A report that was not released 86 years ago after the 1935 riot was the focus of Tuesday’s all-day event at the Schomburg Center. Under the heading “Conditions in Harlem Revisited: From the 1936 Mayors’ Commission Report to the Present,” a clique of academics, clergy, community activists and leaders, and city officials gathered and discussed the report from a variety of angles, including employment and economic development, housing and land use, justice and public safety, health and environment, and education and recreation.
The 10-page report was written by a commission formed by Mayor Fiorello LaGuardia after the riot and headed by attorney Arthur Garfield Hays. Black figures on the commission included poet Countee Cullen, Hubert Delany and Eunice Carter. “Individual insecurity in Harlem in the face of police aggression is, in our opinion, one of the strongest causes of existing hostility to authority,” the report concluded.
This concern was reflected at the heart of the various panel discussions assembled, and Pauline Toole, Commissioner of the New York Department of Records and Information Services (DORIS), framed the discussions at the beginning of the event. “So many parts of the 1936 Mayor’s Commission report read as if they could have been written today. That’s why it was so important to us to open it to the public now – something that was done by the New York Amsterdam News at the time, but not the LaGuardia administration. As people continue to feel excluded from employment, education and other areas of life, we need to look at what got us to this place in time and then the way forward.”
While a key goal of the meeting was to draw comparisons between Harlem’s past and the current situation, most speakers on the panel discussions chose to focus on today’s conditions, noting that very little has changed since 1936 has changed.
Arva Rice, President and CEO of the New York Urban League, presented her remarks in a comparative approach during the second panel on employment and economic development, noting the differences between yesterday and today. “As I read through the report, I was struck by the things that they didn’t have, like our agency, Lloyd Williams, the Harlem Business Alliance, Letitia James, Inez Dickens, Mayor Adams and the other institutions that we have now.” Curtis Archer, President of the Harlem Community Development Corporation, agreed with Rice, listing the late architect Max Bond as another significant person missing in the 1930s, and Williams added that Bond was the architect who designed the Schomburg Center designed.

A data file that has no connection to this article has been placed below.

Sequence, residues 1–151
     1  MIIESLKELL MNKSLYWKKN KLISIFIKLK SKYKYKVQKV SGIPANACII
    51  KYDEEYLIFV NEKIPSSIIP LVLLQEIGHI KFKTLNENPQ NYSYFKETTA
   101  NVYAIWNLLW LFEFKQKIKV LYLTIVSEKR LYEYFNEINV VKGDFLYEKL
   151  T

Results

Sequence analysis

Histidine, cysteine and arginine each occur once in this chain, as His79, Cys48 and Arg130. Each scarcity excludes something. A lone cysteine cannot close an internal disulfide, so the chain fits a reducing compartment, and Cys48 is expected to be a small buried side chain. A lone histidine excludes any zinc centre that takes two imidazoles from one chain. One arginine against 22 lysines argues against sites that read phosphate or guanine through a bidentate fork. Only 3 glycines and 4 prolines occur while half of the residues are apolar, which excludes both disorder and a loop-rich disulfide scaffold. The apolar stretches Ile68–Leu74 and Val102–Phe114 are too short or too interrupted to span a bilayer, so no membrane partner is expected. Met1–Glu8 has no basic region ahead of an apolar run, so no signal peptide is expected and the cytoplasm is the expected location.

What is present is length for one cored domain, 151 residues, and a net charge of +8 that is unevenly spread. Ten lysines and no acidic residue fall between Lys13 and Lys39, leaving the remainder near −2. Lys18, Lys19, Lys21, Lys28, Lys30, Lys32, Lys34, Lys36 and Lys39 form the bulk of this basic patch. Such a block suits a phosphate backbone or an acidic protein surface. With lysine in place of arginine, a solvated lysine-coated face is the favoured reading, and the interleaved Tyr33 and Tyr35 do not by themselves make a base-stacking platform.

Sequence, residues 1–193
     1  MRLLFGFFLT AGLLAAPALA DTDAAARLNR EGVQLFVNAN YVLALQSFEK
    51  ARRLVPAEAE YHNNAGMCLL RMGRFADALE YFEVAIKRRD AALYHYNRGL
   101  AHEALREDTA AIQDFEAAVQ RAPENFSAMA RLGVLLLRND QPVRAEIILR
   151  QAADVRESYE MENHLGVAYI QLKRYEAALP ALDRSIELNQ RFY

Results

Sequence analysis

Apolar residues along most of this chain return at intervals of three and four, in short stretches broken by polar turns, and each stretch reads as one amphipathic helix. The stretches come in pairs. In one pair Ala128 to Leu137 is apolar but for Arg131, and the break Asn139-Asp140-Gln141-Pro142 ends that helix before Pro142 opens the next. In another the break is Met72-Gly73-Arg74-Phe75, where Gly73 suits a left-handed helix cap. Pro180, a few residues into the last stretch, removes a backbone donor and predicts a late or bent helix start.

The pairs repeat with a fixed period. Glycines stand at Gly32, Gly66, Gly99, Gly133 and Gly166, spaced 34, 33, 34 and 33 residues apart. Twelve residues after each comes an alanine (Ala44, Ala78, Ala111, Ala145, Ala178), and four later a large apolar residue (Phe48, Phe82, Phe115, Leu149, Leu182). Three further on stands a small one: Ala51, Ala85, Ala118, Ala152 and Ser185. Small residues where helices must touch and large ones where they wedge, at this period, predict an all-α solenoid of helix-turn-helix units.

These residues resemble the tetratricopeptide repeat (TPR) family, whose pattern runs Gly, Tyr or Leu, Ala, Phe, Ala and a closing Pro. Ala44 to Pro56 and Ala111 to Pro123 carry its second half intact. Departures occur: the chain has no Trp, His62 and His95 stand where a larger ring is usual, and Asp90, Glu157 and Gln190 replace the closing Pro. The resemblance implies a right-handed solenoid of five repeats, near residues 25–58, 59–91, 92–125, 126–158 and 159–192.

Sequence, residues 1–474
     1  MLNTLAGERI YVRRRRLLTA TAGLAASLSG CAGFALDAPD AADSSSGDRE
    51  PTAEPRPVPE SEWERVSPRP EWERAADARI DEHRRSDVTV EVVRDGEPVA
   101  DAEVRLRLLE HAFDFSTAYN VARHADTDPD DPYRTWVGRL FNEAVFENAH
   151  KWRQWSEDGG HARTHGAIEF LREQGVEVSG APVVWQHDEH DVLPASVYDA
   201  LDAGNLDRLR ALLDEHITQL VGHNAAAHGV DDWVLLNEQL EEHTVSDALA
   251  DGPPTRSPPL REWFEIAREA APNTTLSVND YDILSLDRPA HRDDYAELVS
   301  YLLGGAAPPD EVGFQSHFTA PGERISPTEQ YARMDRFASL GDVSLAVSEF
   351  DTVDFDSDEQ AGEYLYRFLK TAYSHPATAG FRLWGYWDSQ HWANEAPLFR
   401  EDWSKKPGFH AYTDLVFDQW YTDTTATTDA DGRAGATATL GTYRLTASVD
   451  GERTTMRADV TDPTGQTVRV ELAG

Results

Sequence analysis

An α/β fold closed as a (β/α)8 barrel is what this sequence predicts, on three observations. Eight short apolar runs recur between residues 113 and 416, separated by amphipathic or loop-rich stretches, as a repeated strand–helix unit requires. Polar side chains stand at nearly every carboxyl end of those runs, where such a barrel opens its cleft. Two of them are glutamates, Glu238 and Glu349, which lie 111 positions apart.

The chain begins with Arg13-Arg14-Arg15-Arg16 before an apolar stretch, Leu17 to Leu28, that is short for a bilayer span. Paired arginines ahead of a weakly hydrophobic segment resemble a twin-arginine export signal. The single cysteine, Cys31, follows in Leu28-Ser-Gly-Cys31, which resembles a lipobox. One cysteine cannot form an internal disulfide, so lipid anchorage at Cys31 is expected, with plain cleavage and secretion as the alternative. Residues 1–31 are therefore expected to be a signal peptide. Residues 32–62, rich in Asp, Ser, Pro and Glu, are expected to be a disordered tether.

Regina Smith, executive director of the Harlem Business Alliance, mentioned the need for access to capital and the creation of more black businesses. When asked by the presenter why she lived in Harlem, she said, “I love black people.” One of the problems faced by black Harlem residents in the 1930s and that still holds true today, said Kim Phillips Fein, a historian at Columbia University, was that “Black people have been and are being excluded from work in public utilities and public services.” Why was she asked? “Because of racism and they don’t have the power they need to do that.”
dr New York State Department of Health Commissioner Mary Bassett admitted she had never heard of the report, and neither had many of the city officials. “And it’s so timely how the uprising was triggered by police action,” she explained. A main problem is “structural racism”, which has an adverse effect on “living conditions”. Ebone Carrington, a Manatt Health executive, helped presenter Dr. Torian Easterling, first deputy commissioner/chief equity officer of the NYC Department of Health and Mental Hygiene, insightful in framing the comments’ endorsement, particularly to challenge the crowding factor and care portrayal consistent with patient backgrounds. Monique Hardin-Cordero, who spent a generation in the healthcare industry and program director at the National Kidney Foundation and was recruited to the panel at the last minute, said “we need to ramp up our resources” to cope with an expanding agenda of challenges.
Next week we will present part 2 of this analysis of a report that has waited so many years to be debated and, as more than one panelist noted, the issues are just as pressing today.